A house in Miami is torn apart by Hurricane Andrew.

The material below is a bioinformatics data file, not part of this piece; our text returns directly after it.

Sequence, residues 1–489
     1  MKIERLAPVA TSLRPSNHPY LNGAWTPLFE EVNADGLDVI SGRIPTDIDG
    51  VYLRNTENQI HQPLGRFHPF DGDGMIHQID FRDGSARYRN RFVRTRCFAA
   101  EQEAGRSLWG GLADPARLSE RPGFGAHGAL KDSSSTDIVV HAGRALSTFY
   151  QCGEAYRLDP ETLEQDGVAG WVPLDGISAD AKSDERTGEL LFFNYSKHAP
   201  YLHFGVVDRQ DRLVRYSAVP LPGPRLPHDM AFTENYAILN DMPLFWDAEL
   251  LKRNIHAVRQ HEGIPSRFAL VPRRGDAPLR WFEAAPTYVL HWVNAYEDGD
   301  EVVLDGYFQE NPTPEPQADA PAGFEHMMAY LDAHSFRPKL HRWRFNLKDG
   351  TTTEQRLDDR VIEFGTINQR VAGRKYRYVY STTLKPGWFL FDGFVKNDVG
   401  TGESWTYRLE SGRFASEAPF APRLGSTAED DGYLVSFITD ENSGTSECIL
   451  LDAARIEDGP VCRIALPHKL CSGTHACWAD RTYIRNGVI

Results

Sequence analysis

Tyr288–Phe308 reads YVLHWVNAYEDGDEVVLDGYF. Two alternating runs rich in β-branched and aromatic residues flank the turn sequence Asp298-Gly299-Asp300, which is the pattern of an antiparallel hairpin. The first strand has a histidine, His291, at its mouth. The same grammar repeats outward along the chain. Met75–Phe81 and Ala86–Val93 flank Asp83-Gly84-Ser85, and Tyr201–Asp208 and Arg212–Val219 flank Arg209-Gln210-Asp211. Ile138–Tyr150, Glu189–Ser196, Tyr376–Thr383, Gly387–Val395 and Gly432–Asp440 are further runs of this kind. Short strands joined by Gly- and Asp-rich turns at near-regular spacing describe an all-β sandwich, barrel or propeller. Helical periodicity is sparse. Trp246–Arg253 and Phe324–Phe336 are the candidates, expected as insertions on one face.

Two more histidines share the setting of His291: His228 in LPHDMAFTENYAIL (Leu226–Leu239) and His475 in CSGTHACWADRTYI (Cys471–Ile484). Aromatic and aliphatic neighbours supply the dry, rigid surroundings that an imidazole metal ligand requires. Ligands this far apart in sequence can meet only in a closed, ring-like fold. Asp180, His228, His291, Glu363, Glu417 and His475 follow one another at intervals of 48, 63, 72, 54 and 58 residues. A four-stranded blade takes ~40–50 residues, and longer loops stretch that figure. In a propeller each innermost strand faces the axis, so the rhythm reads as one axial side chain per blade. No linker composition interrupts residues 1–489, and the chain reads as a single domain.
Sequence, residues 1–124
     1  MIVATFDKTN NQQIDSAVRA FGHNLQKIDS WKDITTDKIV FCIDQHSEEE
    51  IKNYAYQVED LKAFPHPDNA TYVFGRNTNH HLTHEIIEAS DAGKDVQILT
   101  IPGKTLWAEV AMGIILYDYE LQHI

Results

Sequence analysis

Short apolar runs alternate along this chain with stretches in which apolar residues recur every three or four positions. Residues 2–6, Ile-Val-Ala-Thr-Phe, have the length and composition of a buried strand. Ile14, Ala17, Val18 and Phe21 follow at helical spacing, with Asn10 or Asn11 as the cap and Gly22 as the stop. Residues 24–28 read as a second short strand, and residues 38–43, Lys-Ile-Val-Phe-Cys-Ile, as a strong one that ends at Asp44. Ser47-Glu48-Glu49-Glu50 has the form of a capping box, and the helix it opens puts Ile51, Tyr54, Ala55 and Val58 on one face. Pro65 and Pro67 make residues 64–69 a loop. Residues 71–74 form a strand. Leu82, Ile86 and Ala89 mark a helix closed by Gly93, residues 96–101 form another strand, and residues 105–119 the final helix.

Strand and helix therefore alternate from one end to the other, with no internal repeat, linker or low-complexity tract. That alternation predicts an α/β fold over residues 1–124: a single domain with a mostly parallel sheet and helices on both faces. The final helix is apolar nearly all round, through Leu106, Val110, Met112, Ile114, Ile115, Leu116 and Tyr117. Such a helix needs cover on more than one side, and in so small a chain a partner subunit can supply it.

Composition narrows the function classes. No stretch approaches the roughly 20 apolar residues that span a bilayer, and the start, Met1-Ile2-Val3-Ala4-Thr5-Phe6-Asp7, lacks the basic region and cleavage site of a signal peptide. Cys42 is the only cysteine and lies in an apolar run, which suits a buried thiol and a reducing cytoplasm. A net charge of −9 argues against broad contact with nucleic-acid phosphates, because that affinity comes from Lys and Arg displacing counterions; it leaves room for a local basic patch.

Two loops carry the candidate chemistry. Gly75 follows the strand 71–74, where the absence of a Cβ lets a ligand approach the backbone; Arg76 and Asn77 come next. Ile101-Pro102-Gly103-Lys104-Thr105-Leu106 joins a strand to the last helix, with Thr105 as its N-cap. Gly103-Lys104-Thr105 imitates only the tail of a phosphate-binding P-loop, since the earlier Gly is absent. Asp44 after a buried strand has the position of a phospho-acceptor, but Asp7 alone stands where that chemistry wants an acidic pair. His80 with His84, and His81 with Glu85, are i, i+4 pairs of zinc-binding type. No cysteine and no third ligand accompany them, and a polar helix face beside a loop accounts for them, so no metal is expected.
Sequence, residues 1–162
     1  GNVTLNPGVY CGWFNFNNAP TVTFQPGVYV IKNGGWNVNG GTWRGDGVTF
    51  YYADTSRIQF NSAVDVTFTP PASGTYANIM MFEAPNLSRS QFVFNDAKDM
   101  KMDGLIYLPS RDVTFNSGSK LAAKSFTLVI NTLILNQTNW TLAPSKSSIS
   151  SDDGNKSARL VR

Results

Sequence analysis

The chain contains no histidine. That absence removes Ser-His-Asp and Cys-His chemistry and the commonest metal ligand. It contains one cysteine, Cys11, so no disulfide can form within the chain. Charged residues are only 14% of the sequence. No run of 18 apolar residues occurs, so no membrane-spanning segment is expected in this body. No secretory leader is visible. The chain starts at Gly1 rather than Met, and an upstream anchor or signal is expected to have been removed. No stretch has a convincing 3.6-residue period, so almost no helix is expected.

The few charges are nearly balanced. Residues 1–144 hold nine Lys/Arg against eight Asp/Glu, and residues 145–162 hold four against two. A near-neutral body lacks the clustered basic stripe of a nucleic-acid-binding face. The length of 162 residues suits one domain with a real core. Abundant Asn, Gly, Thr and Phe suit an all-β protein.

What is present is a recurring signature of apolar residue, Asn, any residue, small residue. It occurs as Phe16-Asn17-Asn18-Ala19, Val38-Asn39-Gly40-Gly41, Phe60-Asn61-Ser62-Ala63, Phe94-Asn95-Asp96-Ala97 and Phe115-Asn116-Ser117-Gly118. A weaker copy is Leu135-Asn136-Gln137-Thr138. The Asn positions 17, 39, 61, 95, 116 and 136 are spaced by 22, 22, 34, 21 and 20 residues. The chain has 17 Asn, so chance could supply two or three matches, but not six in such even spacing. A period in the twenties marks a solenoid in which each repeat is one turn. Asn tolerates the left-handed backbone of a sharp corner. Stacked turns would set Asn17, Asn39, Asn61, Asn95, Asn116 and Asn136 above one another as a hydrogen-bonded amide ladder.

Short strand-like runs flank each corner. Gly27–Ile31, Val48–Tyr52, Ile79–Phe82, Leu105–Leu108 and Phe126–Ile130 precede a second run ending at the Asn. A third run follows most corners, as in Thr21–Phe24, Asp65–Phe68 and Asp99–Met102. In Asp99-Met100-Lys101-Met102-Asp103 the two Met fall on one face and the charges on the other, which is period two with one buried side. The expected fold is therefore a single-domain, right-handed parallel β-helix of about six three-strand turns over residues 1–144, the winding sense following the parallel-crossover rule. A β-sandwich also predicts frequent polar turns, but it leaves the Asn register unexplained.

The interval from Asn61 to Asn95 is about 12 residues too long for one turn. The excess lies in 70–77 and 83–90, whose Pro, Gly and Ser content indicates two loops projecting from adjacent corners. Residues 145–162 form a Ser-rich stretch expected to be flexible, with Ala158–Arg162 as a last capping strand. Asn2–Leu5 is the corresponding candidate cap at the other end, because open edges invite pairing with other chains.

The simplest characterization of hurricane intensity is embodied in the Saffir-Simpson scale: from Category 1 - barely a hurricane - to Category 5 - the worst imaginable. "Major Hurricanes" are those in Categories 3, 4, and 5 with winds stronger than 110 miles per hour equivalent to 100 kt or 50 m s-1. Category 5 hurricanes are the most extreme and also the most rare. Only two, the 1935 Labor Day Storm and Camille in 1969 are recorded to have struck the United States. Andrew, at the very top of Category 4 was the third strongest U.S. landfall, and the second strongest on the mainland, given that the 1935 storm hit the Florida Keys.In the 20th century, U.S. hurricanes destroyed > $73 billion in property, not corrected for inflation. During the 70-year period from 1925 through 1995, the toll was $61 billion. If the damage from historical hurricanes is normalized for inflation, increased population, and greater individual wealth (Pielke and C. Landsea 1998), the estimate of total damage for the shorter period is $340 billion, equivalent to an average annual loss of $5 billion. During these 70 years, 244 landfalls occurred. The average landfall would have resulted in $1.5 billion in damage with today's prices and costal development. But the average doesn't tell the story. Major hurricanes accounted for 80% of the normalized damage, although they represented only 20% of occurrence.